All That and a Bag of Mail: How Dumb Is Aaron Hernandez Edition?

Videos by OutKick

The Friday mailbag is here so you guys can stop pretending to work. 

It’s time to relax and dive in to an escape. And, honestly, make sure you read the final mailbag question.

It’s a work of art.  

Our beaver pelt traders of the week?

The Prancing Elites of Mobile, Alabama. 

They’re an all male Alabama dance squad. 

This video will make  your weekend. 



Anonymous writes:


I know you’ve thought about how to get away with a murder. Everyone has. (By the way, please don’t use my actual name because I don’t want my top Google result to be how to get away with murder. It could cost me my job, plus it would kill my ability to get away with murder.) No matter who you are we’ve all thought about this at some point. 

So how is Aaron Hernandez so bad at murder?

He goes out publicly with the victim the weekend leading up to the death, the victim texts about being out with him, there could be at least three people who were there when the murder happened, they dump the body one mile from his house, somehow they left behind evidence that confirms one of this three rental cars was also there. Then he panics and destroys his surveillance system and his cell phone? His cell phone, really? Doesn’t he know that destroying his cell phone does nothing but make him look more suspicious?

I mean, how stupid is this guy?” 

He’s very stupid.

Perhaps, incredibly stupid.

I mean, would it shock you if Aaron Hernandez took a picture of the dead body on his cell phone? It wouldn’t surprise me at all. 

The guy is an idiot. 

But that’s common, right, the people who commit murder are typically not very smart. That’s why they’re committing murder and getting caught.

So how do you get away with murder?

Okay, here’s what I’ve gleaned about murder based upon some criminal work as a lawyer and lots of reading.

First, the victim almost always knows the killer. Most people are afraid of random acts of violence, but those are incredibly, incredibly rare. If someone kills you, it’s almost always someone you know pretty well. (This, by the way, should be much more terrifying than it is.) So if you really want to get away with murder, your best chance would be to commit a random act of murder in a city that’s several hundred miles from where you actually live. Then the motive isn’t easily discernible, you aren’t in close geographic proximity, and you’re probably going to get away with it.

This is how truck drivers become serial killers, they kill their victims in a disparate geographic region and are all transient.    

Second, if you’re not a sicko and you still want to kill someone, you have to provide no evidence trail on your end that connects you to the victim. Don’t call your victim near the time you’re going to kill them, don’t text or email. You should probably go completely dark for a month or two prior to your murder. Yes, you have to be cold blooded and clinical about it. Of course, most murder involves passion, so this is easier said than done.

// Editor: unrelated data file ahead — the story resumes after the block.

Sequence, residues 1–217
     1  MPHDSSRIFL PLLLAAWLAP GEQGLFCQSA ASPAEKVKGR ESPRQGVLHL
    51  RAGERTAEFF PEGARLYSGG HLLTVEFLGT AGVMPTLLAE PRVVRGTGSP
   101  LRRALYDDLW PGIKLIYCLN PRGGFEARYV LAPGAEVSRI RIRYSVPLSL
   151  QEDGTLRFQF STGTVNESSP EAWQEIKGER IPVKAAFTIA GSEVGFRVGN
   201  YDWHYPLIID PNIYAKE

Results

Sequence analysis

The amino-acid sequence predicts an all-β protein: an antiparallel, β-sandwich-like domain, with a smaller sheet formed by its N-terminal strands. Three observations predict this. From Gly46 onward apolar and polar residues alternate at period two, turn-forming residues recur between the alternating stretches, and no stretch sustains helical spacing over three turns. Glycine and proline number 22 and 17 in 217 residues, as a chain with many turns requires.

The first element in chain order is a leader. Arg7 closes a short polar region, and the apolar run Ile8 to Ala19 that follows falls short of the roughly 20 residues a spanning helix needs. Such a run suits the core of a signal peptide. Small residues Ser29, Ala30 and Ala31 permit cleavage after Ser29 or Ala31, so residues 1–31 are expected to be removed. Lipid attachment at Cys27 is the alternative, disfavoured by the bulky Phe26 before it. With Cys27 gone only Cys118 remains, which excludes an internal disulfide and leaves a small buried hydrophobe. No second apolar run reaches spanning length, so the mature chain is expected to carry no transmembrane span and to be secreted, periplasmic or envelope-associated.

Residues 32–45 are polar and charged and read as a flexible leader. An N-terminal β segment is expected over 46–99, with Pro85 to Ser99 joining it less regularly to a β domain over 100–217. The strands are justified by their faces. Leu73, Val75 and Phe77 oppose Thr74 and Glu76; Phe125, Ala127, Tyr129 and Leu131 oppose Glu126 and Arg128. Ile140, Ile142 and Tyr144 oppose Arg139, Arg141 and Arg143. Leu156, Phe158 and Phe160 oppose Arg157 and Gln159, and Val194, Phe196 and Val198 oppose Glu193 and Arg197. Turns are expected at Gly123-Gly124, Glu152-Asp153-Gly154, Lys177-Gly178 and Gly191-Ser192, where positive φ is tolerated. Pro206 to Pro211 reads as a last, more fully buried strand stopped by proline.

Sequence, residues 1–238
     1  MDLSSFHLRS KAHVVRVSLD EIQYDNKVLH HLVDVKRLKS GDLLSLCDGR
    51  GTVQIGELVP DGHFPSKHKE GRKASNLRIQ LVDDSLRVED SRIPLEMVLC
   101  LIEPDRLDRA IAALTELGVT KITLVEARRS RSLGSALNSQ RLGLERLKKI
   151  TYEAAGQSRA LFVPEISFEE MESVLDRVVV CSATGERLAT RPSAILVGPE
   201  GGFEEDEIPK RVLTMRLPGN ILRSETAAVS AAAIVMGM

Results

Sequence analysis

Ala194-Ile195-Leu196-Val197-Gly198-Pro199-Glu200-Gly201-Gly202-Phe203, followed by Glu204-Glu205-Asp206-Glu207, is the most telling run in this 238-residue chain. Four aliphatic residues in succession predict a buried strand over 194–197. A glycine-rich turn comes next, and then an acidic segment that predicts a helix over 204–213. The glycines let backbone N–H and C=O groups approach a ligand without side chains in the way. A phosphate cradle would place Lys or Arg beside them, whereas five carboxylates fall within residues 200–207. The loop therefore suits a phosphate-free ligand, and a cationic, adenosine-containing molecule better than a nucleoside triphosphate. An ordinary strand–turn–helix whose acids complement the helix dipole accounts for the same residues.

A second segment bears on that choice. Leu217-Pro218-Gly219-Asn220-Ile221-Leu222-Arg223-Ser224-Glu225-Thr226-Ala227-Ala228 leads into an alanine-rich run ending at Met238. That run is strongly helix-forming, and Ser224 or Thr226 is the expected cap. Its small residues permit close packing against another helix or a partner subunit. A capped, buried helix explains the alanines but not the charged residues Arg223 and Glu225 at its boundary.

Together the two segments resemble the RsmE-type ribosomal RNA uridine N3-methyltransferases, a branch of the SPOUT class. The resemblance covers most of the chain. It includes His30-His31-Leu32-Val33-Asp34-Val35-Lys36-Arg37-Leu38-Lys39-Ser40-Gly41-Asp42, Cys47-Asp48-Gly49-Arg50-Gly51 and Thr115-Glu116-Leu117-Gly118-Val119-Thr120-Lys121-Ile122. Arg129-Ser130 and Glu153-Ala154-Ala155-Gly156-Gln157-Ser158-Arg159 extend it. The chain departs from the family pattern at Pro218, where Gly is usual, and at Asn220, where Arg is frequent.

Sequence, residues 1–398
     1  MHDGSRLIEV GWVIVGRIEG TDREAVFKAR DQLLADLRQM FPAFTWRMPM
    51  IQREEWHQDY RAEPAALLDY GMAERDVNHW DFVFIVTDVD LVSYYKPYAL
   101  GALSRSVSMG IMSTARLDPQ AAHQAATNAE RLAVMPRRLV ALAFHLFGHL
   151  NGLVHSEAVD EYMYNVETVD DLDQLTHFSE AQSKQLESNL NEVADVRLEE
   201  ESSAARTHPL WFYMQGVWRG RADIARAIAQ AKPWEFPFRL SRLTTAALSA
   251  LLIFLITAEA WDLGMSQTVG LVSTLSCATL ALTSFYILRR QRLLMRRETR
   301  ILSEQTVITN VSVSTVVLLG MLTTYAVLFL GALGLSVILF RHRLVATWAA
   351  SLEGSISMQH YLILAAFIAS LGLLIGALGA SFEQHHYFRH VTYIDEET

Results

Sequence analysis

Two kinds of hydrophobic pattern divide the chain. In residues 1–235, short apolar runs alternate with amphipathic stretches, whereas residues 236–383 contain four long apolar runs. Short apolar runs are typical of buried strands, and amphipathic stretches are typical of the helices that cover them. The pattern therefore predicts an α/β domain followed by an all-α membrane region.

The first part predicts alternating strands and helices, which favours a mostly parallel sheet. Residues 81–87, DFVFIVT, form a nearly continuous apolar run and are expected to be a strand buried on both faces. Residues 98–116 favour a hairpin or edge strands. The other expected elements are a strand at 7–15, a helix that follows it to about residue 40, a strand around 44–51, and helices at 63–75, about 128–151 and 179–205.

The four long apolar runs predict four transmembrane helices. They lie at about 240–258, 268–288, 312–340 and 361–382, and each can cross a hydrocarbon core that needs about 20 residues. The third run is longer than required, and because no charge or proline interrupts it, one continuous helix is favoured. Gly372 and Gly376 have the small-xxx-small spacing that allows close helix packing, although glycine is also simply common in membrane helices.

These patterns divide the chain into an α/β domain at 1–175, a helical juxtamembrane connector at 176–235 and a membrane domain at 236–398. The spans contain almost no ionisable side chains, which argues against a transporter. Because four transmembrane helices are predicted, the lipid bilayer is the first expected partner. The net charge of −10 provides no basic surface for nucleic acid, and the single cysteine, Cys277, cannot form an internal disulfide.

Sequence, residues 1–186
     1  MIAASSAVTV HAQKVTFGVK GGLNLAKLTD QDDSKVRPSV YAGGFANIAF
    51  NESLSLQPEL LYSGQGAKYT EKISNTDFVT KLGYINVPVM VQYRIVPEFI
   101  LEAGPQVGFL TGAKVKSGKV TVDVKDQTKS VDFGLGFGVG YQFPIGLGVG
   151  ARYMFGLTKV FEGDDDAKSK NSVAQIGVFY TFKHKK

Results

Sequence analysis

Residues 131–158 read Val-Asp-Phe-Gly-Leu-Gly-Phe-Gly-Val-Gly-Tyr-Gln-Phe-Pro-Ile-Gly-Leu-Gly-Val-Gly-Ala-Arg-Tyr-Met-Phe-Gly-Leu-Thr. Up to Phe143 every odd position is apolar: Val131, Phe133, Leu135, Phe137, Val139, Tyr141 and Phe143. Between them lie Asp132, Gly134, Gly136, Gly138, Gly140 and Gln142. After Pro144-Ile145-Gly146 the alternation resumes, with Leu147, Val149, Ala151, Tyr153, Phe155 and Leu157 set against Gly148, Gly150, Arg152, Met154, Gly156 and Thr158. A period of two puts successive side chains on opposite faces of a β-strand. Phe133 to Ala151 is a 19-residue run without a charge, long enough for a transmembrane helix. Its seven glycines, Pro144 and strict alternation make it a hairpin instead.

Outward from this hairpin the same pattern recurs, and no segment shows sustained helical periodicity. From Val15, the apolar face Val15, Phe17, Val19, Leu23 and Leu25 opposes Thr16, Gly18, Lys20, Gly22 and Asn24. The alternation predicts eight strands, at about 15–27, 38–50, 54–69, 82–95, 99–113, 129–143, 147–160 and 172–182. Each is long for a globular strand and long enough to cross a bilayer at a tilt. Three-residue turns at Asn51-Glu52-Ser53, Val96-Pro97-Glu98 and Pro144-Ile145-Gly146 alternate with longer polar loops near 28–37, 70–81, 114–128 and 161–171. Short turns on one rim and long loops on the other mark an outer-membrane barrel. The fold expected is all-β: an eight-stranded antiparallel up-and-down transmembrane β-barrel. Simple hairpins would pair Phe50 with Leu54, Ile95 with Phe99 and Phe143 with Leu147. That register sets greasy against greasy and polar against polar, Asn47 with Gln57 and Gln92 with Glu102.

Third, don’t move the body. Moving the body leaves a pretty substantial DNA trail and makes you susceptible to capture during transit or disposal, you need to kill someone in a place where you can leave easily. Preferably, outside in an area where there aren’t very many witnesses. Commit your deed and then calmly drive away. For god’s sake, don’t speed. And make sure all your taillights and tags are in working order so you don’t get pulled over for something unrelated.  

Fourth, make sure your victim is dead and do the act yourself. Once you decide to kill someone you can’t go halfway. A surviving witness puts you in jail for a very long time. You also don’t want an accomplice because then there’s a witness. Plus, you have to rely on that person to not crack and to not do something stupid to draw attention to himself after the murder.   

Fifth, throw the murder weapon in a deep lake that is nowhere near your house. Or bury the murder weapon in a field that is nowhere near your house. Basically, dispose of the murder weapon. It’s amazing to me how many people keep the murder weapons. What, you can’t buy a new gun at some point down the road? Get rid of the weapon, idiot.

Sixth, have an alibi. It doesn’t have to be airtight, but it should be something other than I was sitting at home by myself. (Ideally your victim won’t be uncovered immediately, which means that pinpointing the exact time of death is more art than science. For instance, go to a three hour movie by yourself. Keep your ticket stub. Exit through the side door of the theater during a moment that you know is an apex of excitement. The odds of someone noticing you leave — and of there being a camera catching you leave the theater through a side door — is minimal. Plus, chances are you won’t get questioned about your alibi for a long time. By that point the people in the theater are likely to have forgotten and the movie theater’s tape is likely to have been erased.